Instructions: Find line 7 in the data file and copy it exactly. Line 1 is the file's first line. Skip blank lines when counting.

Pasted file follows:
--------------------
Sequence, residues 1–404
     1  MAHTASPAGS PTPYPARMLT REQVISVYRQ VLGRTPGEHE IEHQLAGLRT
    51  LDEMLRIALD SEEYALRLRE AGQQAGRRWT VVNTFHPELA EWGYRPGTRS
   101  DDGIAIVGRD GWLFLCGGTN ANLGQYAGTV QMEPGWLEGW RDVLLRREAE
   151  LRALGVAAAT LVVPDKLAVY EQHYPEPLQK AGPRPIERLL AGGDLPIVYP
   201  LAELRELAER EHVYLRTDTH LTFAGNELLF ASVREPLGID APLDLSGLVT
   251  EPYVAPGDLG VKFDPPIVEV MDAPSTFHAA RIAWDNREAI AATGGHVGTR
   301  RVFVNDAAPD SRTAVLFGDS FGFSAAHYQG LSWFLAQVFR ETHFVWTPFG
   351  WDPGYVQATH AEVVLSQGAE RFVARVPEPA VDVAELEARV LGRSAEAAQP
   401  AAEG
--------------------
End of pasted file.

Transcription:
   251  EPYVAPGDLG VKFDPPIVEV MDAPSTFHAA RIAWDNREAI AATGGHVGTR